It should also be mentioned that Dezorian verbs can take prefixes in the form of syntatic markers. These are used to form subordinate clauses, and they will be addressed in the next section.
Basic Sentence Structure:
Note that this is quite different than English, in which sentences are written Subject, Verb, Object. For example, if the English sentence "Alis kills Lassic" were to be written with Dezorian sentence structure, it would read, "Alis Lassic kills."
Let us examine two Dezorian sentences.
Compound sentences may also be formed using the word ^eeu and. Take the example:
Subordinate clauses are written with syntatic markers attached to the verb as prefixes. There is also always a hyphen between the syntatic marker and the verb. Currently, the only syntatic marker known to us is neK, which means when. Using subordinate clauses, the above sentence about the man and the bishop may be rewritten as follows:
da pelmu^roo vovkin sik^oorjas
You will follow the Palman to Skure
(da you; pelmu^roo Palman; vovkin will follow; sik^oorjas to Skure)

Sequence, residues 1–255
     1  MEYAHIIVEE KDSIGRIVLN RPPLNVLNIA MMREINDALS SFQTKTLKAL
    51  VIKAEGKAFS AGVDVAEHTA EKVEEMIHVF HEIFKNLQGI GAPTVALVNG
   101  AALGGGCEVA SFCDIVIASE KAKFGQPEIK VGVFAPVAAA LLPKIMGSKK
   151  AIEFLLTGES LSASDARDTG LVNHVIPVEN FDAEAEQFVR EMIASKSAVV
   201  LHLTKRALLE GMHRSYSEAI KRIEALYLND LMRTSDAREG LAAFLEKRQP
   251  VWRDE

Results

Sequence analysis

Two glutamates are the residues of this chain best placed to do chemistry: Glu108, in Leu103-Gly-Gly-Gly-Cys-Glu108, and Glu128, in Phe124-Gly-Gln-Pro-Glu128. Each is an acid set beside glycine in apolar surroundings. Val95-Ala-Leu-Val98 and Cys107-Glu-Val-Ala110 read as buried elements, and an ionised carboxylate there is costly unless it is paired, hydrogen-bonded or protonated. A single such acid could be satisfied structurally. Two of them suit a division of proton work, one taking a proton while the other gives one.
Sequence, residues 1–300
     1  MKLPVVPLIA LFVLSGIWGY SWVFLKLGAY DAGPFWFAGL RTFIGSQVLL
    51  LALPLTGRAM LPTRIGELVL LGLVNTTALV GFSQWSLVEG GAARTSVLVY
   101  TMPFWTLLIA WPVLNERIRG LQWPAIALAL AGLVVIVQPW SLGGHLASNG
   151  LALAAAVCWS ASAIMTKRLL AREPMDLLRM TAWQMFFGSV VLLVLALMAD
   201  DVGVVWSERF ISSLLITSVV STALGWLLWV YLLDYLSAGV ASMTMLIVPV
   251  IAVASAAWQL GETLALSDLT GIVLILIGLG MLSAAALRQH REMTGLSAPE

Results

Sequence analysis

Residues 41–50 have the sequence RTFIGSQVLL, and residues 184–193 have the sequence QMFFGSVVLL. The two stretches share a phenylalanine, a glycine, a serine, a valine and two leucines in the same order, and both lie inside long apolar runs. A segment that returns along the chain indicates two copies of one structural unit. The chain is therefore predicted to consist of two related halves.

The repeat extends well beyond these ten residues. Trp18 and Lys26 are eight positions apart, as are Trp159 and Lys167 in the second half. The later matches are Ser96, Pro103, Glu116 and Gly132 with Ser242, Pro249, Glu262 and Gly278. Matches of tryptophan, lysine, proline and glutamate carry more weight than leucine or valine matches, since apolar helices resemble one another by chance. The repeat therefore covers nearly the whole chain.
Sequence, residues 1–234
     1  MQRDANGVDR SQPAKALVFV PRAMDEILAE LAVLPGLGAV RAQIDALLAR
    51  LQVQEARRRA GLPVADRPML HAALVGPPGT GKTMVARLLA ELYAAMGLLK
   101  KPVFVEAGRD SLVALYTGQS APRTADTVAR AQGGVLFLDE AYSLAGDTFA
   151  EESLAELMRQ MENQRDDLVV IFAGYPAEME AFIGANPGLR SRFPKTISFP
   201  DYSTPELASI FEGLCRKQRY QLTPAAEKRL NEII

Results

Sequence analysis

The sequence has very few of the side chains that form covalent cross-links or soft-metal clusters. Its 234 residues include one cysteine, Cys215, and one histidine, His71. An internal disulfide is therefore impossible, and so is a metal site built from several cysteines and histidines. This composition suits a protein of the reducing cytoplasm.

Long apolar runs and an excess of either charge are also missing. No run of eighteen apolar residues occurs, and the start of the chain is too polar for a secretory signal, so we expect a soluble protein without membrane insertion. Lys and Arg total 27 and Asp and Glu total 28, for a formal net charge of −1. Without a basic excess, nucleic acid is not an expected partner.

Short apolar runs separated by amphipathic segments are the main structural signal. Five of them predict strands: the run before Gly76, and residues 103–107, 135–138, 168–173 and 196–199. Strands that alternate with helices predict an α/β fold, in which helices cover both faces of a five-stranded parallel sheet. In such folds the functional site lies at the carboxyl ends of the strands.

be buvikvaapumga ^ejik
We speak your language.
be buvikvaapumga ^ejik gased
We speak your language for you.
(be we; buvikvaapumga your language; ^ejik speak; gased for you (plural))
Further, note that the Dezorian verb caad is very, very close to the first syllable in the word caampala kem'pallah, which is what Dezorians call the tall hats they all wear to denote their social status. What makes this interesting is that Raja points out that some Dezorian linguists argue that caam is an earlier version of the verb caad in use today, perhaps a version from an earlier dialect, in which case caampala almost becomes a compound noun: caam, the (possible) early version if caad; and pala, the Dezorian greeting. This would mean caampala literally means, "exists as a greeting," which is more or less an exact defintion of what the tall hats do. However, Raja warns that there is significant debate regarding this in linguistic circles, and that it is unwise to state as a fact that caampala means "exists as a greeting" unless you know for sure that the Dezorian you are speaking to agrees with you. Otherwise, you could end up in a no^uluT never-ending debate.